I was recently leading a support group with 7th grade students. During one of our introduction activities, a girl started to share — and then paused. She thought for a moment, and then said, “My answer is from The Bible. Can I talk about that here?”
This is the constant question of students around us – students who live in an unsafe world – Is it okay to say what I feel here? Or the deeper version – Is this a safe place?
I opened it up to the group, and the consensus from the seven other students in the room was that she could share and not be picked on or made fun of in our circle, despite many of the others in the room having vastly different beliefs.
Seventh graders don’t typically ask if a group is safe unless they have spent time in spaces that aren’t.
Whether its mean girls, cyberbullying, or slut shaming; whether in families, in homes, or in social media fights about politics – our students are all too exposed. They need safe spaces.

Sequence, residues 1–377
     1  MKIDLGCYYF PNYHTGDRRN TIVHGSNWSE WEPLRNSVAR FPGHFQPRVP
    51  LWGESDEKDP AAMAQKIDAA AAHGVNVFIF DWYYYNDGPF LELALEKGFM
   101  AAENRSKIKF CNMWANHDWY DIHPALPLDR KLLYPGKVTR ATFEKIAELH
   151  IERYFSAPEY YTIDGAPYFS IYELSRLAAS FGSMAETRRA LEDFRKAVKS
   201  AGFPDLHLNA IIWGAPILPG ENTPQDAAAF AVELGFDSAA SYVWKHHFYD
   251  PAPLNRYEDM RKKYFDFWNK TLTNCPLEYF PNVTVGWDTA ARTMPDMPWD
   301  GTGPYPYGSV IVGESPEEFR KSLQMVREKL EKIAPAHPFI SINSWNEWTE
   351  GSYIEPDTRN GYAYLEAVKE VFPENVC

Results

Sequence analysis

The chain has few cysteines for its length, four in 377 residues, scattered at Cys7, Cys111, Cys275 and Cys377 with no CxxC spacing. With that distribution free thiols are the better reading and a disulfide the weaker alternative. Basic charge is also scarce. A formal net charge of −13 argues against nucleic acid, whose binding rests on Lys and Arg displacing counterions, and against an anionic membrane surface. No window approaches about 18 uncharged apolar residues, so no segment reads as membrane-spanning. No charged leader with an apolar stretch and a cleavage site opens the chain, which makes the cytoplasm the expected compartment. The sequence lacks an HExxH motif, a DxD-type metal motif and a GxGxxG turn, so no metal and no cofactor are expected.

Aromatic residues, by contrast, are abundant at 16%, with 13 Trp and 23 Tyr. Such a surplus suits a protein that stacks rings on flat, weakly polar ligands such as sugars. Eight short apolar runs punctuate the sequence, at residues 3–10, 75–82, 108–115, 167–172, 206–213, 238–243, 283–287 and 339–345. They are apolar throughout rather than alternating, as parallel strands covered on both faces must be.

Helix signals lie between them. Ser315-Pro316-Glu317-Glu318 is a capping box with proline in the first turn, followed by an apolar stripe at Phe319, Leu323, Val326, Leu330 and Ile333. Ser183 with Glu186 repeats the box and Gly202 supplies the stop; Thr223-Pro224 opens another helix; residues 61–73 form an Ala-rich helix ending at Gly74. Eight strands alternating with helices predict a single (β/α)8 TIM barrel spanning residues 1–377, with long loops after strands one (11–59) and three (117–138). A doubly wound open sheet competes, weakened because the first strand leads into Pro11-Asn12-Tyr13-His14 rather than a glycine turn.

A safe space, by definition, is a place intended to be free of bias, conflict, criticism, or potentially threatening actions, ideas, or conversations.
We can help create legitimately safe spaces with our students by implementing a few simple ideas:
- Set Norms. In all of our groups, our students walk through a process to set norms, or behavioral expectations, before ever being asked to open up and share. Norms provide member led guidelines for what behavior and attitudes are appropriate for the space. It’s the same at home – one of our norms is “you can say whatever you want as long as you say it with respect.”
- Don’t Assume. It’s easy to group people together, or to make assumptions about how someone is feeling. It’s much harder to ask clarifying questions such as, “Can you tell me more about that?” or “I heard you saying _____. Is that correct?”
- Listen more than you talk. Students (and adults) do not want to share when no one is listening or when they feel like they are competing with someone or something else.
- Be shock proof. In order for a space to be safe, students need to be able to share the good, the bad, and the ugly. If they think you can’t handle it, they won’t share.
In a world of constant exposure to the threat of “fails” going viral or intimate details being shared publicly, our kids need safe spaces. More than ever, they need a place away from the videos, the snaps, and the cloud-connected threats of exposure.
They desperately need safe places. You can create those. And you can make the difference. Help make that space for others.